It wasn’t long before tents, tepees, wagons, lean-tos, and crudely constructed log cabins lined the banks of the South Platte River as prospectors and fortune-seekers poured into the area. They came from all over the country, traveling on foot, in covered wagons, by horseback, and even pushing their belongings in wheelbarrows. Pikes Peak, a 14,000-foot mountain to the south of the mining camp served as both a landmark and a rallying cry for weary travelers. The “Pikes Peak or Bust!” gold rush was in full force.

However, gold wasn’t the only way to strike it rich in the boomtown that was springing up on the banks of the South Platte. Those who arrived early enough could simply stake out a claim of land, lay out city streets, and then sell the lots to those arriving after them. General William H. Larimer didn’t arrive early but followed the plan perfectly. He claim-jumped the land on the eastern side of Cherry Creek, laid out a city and, in hopes of gaining political favor, named the city after Kansas Territorial governor James Denver. What he didn’t know was that Denver had already resigned.

After the Civil War, the all Black military units known as the Buffalo Soldiers were stationed in and around the Mile High City.

By the spring of 1859, there were cities on both sides of the South Platte. The situation was tenuous and filled with confusion, as tensions between the cities grew and nearly led to bloodshed. Horace Greeley described the rapidly growing metropolis as a “log city of 150 dwellings, not three-fourths completed nor two-thirds inhabited, nor one-third fit to be.” Finally, a torch-lit meeting was held, and on the one bridge over Cherry Creek, for the price of a barrel of whiskey, all other names were dropped and the settlement in the shadow of the Rocky Mountains came to be known as Denver.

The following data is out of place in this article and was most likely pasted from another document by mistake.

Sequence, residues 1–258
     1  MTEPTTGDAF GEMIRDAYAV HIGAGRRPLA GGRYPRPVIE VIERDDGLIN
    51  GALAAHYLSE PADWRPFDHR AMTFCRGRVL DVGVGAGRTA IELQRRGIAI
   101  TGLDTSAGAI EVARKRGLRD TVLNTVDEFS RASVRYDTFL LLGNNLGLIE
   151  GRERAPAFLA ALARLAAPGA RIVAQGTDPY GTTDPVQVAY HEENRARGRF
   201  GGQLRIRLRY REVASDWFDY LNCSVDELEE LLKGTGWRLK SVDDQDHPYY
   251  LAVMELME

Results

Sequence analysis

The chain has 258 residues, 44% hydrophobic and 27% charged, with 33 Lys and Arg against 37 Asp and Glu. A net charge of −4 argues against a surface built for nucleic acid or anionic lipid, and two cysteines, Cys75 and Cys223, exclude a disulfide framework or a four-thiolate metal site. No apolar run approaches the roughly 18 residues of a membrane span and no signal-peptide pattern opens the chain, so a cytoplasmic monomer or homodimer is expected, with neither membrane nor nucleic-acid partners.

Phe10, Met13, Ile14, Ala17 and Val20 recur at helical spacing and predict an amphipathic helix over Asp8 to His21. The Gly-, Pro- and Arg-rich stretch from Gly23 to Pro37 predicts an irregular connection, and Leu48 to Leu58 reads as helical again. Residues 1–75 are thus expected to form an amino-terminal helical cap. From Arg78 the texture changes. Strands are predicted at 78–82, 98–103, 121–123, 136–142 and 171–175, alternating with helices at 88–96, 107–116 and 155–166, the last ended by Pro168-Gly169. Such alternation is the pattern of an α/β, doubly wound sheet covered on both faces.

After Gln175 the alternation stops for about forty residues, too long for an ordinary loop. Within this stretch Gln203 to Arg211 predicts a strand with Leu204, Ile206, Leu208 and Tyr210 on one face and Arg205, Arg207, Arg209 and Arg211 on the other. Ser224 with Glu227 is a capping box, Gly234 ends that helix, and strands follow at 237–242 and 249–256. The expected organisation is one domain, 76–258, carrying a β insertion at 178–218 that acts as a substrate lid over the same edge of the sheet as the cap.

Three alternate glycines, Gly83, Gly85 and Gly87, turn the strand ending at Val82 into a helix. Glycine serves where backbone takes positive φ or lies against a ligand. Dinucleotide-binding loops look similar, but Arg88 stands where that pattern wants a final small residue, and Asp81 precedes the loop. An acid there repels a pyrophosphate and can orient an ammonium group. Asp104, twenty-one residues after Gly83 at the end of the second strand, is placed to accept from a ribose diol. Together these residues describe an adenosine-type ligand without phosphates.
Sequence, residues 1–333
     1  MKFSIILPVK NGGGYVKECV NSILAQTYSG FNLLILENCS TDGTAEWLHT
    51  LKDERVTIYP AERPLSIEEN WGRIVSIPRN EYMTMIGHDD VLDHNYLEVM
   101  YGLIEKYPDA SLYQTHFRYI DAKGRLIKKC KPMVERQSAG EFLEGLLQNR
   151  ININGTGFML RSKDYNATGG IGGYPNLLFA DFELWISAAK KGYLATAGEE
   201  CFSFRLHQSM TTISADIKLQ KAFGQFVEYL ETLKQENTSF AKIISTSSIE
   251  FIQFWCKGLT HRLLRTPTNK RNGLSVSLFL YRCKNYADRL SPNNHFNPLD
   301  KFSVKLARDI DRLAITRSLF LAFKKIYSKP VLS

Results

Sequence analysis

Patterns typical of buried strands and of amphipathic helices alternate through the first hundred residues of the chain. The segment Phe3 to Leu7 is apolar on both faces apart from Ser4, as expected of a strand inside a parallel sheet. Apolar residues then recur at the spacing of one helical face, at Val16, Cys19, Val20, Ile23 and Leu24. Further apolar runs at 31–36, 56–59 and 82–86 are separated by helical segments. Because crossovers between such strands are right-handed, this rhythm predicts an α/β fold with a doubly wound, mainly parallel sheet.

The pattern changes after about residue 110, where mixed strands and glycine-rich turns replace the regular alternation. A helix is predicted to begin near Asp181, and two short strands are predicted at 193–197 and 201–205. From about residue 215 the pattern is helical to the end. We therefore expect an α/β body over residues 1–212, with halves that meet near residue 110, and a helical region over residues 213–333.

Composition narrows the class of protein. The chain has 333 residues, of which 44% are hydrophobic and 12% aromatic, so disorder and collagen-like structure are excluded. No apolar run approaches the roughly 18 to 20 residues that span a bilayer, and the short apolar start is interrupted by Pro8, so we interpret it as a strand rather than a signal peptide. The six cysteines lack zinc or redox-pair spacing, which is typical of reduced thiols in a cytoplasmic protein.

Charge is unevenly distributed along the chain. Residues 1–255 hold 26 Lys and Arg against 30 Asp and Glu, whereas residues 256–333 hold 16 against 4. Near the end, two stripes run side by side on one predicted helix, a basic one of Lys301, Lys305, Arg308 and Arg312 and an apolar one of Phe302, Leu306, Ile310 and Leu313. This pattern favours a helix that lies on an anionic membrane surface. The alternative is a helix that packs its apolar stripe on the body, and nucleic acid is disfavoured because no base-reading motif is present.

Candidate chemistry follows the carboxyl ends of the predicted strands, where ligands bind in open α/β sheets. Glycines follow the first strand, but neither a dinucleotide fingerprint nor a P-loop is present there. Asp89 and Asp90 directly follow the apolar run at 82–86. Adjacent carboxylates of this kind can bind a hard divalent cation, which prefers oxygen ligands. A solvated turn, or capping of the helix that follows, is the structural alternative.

Just when people began settling into their new lives in Denver, a huge gold strike was discovered in the nearby mountain town of Central City. And as quickly as they came to Denver, the fortune-seekers packed up and headed to the hills – leaving the city nearly deserted. Gradually, people returned to Denver as they battled harsh weather conditions in the mountains, figuring there were better ways to make their fortune. They were the first to discover and enjoy the mild, year-round climate Denver had to offer and began growing the city as a trade center.

Like any city, Denver suffered its growing pains in its early years. During the Civil War, a Confederate army from Texas marched on the state in hopes of seizing the gold fields. A volunteer army was hastily put together in Denver and, although they were hardly trained and badly outnumbered, they managed to defeat the Rebels from Texas at the Battle of Glorietta Pass, saving Colorado for the Union. And that was just the beginning of the challenges the city would face.

A great fire burned much of Denver’s business district to the ground in 1863. The following year, a flash flood swept down Cherry Creek, killing 20 people and causing a million dollars in damage. And shortly after that, an Indian war broke out, cutting stage stations and supply lines and leaving Denver with just six weeks of food.

The early hardships only solidified the resolve of Denver’s citizens and made them more determined to not just survive but to thrive. When the Union Pacific Railroad bypassed Colorado on its transcontinental route, Denverites raised $300,000 and built their own railroad to meet the Union Pacific in Cheyenne, Wyoming. Soon after, the Kansas Pacific Railroad crossed the plains to Denver and, when a major silver strike was hit in Leadville, Denver was a boomtown once again.

See more Denver, Colorado History